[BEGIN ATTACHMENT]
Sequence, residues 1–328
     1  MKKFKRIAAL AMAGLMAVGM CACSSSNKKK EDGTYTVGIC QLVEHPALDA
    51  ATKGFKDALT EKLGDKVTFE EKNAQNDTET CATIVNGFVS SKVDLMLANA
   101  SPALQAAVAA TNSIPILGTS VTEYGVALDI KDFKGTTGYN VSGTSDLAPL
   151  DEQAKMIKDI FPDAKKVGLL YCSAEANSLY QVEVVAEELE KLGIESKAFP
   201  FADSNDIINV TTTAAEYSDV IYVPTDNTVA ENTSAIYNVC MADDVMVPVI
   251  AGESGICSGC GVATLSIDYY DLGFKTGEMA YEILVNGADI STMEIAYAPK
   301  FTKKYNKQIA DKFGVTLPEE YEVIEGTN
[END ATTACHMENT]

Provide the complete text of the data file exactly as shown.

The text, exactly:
Sequence, residues 1–328
     1  MKKFKRIAAL AMAGLMAVGM CACSSSNKKK EDGTYTVGIC QLVEHPALDA
    51  ATKGFKDALT EKLGDKVTFE EKNAQNDTET CATIVNGFVS SKVDLMLANA
   101  SPALQAAVAA TNSIPILGTS VTEYGVALDI KDFKGTTGYN VSGTSDLAPL
   151  DEQAKMIKDI FPDAKKVGLL YCSAEANSLY QVEVVAEELE KLGIESKAFP
   201  FADSNDIINV TTTAAEYSDV IYVPTDNTVA ENTSAIYNVC MADDVMVPVI
   251  AGESGICSGC GVATLSIDYY DLGFKTGEMA YEILVNGADI STMEIAYAPK
   301  FTKKYNKQIA DKFGVTLPEE YEVIEGTN